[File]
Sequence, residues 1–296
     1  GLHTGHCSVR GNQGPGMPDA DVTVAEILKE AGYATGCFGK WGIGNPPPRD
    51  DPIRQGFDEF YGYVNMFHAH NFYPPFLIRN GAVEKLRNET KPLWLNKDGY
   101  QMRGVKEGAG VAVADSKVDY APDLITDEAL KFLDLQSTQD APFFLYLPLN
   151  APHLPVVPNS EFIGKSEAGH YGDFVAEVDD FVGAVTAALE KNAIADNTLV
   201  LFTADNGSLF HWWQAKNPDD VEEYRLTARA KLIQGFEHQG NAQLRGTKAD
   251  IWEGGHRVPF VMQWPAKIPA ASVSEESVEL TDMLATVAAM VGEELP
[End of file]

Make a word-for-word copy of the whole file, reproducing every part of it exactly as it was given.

Sequence, residues 1–296
     1  GLHTGHCSVR GNQGPGMPDA DVTVAEILKE AGYATGCFGK WGIGNPPPRD
    51  DPIRQGFDEF YGYVNMFHAH NFYPPFLIRN GAVEKLRNET KPLWLNKDGY
   101  QMRGVKEGAG VAVADSKVDY APDLITDEAL KFLDLQSTQD APFFLYLPLN
   151  APHLPVVPNS EFIGKSEAGH YGDFVAEVDD FVGAVTAALE KNAIADNTLV
   201  LFTADNGSLF HWWQAKNPDD VEEYRLTARA KLIQGFEHQG NAQLRGTKAD
   251  IWEGGHRVPF VMQWPAKIPA ASVSEESVEL TDMLATVAAM VGEELP